Wednesday, September 20, 2017

A Little Bit Of Urban Rock

I still love this damn city, even if it's a shell of what it once was, and any semblance of a real community is nearly gone. I miss the days when your neighbors actually wanted to know you, would say hello, and knew they could turn to you for help if needed. I miss when there were cats in the neighborhood who'd chase-out/beatdown the predators when they rolled through looking for a vic; when folks didn't turn a blind eye to someone in distress. Long gone are the days when you didn't get sneered at by transplants for sitting on their stoop, when there weren't separate entrances for the poor in newly built buildings, and nearly everyone could afford a piece of the pie, even if only a small slice.

All that said, I still get a massive jolt of city-love when I spend the afternoon in Coney Island or an evening in South Brooklyn, or spend time in one of the many boss parks that I once took for granted. When I drink in Jimmy's Corner, catch a rock'n'roll show, grab a plate of $1 dumplings in some hole-in-the-wall joint in Chinatown or tacos from a street-cart in Jackson Heights, hit up one of the hundreds of free gallery openings that happen monthly, or chop it up with another local, reminiscing about the good times and the bad... I feel alive.

This is still a great city filled with art, adventure, culture, and a fair amount of real humans, but for how much longer it's hard to say.

Words by Lee Greenfeld © 2017
[ If anyone knows the name of the photographer who snapped the above shot of
the Montague Street OTB, please be in touch so they can receive proper credit. ]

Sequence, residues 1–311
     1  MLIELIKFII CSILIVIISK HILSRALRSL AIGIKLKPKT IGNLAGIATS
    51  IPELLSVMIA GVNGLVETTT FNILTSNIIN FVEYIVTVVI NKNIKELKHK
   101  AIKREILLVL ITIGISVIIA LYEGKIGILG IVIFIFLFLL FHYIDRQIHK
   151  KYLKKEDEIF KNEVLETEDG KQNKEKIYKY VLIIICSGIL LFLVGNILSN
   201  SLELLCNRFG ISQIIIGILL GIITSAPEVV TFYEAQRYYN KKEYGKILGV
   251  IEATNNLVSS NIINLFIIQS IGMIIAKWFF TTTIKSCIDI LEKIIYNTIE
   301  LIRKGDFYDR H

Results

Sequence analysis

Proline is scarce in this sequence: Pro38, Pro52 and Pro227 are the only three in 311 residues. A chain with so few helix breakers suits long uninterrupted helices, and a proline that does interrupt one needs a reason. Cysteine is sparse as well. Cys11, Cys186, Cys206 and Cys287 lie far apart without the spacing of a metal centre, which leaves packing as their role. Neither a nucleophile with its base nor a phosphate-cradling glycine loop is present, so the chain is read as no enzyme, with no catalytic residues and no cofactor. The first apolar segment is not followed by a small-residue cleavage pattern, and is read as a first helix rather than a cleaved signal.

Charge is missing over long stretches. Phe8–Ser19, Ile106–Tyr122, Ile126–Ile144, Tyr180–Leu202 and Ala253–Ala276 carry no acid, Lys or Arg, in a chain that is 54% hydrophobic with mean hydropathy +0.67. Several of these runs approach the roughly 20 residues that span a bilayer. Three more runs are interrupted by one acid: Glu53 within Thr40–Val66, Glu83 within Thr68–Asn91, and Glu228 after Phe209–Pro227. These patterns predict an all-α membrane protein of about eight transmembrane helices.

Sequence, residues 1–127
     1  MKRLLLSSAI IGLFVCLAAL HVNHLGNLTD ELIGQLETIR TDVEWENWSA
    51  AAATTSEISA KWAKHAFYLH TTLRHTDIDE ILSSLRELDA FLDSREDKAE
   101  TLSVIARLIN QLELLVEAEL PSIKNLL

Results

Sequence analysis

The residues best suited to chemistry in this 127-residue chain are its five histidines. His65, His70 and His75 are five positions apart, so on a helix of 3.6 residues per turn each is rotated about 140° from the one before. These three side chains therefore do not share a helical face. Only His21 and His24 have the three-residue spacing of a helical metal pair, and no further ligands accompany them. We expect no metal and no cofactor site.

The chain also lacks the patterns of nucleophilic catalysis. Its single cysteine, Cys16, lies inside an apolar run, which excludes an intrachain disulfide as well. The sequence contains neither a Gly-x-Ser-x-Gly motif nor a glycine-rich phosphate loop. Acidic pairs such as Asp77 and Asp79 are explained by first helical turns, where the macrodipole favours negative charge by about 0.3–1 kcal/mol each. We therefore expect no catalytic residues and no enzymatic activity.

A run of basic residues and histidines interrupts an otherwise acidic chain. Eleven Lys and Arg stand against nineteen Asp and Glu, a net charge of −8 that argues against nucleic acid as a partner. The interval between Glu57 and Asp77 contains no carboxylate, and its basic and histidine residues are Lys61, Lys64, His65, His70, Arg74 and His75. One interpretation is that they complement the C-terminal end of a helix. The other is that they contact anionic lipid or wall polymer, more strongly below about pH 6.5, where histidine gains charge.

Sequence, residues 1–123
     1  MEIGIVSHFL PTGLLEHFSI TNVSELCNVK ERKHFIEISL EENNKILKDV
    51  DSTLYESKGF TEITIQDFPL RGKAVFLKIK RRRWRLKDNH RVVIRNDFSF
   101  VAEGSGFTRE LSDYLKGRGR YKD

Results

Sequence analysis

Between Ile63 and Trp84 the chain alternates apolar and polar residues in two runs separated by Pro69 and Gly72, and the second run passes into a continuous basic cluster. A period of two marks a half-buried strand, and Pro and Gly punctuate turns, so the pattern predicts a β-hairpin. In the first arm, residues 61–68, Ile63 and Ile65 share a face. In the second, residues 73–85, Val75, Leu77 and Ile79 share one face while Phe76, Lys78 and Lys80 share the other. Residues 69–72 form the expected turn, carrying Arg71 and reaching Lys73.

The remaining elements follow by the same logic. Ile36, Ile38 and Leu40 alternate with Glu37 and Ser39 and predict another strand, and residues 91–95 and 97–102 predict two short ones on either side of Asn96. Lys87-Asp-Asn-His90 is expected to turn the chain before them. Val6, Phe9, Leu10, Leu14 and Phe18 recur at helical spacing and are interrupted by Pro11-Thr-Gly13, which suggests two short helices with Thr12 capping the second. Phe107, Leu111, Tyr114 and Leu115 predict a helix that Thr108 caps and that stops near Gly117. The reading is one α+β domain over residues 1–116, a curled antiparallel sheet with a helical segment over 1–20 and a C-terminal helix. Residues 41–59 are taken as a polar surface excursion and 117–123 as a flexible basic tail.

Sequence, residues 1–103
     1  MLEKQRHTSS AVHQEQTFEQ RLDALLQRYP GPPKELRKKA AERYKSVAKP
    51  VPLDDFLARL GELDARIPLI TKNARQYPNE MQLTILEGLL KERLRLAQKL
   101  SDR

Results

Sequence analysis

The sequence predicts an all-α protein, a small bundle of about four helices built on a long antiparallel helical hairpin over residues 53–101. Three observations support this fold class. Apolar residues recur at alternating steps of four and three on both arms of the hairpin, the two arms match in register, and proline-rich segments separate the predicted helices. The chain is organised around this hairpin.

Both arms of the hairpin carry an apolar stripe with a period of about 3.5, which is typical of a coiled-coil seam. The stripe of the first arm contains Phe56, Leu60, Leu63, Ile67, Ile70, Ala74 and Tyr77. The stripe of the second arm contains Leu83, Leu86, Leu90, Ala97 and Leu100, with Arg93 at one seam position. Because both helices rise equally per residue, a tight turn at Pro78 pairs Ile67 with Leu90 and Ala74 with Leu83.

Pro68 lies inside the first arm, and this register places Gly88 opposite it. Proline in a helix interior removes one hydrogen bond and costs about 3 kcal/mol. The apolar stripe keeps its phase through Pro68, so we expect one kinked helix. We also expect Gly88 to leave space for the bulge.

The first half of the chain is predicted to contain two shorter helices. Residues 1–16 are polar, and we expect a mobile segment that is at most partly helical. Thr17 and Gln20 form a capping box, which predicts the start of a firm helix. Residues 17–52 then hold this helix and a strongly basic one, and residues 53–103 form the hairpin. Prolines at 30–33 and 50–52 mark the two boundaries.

Thursday, September 14, 2017

Love That's Like Music Or Something

“When I'm dead, I hope it may be said: his sins were scarlet, but his books were read.” 

J.P. Donleavy
Rest In Peace

Wednesday, September 13, 2017

From The Ashes

"I think it's a mistake to ever look for hope outside of one's self. One day the house smells of fresh bread, the next of smoke and blood. One day you faint because the gardener cuts his finger off, within a week you're climbing over corpses of children bombed in a subway. What hope can there be if that is so? I tried to die near the end of the war. The same dream returned each night until I dared not to go to sleep and grew quite ill. I dreamed I had a child, and even in the dream I saw it was my life, and it was an idiot, and I ran away. But it always crept onto my lap again, clutched at my clothes. Until I thought, if I could kiss it, whatever in it was my own, perhaps I could sleep. And I bent to its broken face, and it was horrible … but I kissed it. I think one must finally take one's life in one's arms."

Words from After The Fall, 1964

Monday, September 4, 2017

On The Waterfront

Photograph by Lee Greenfeld © 2017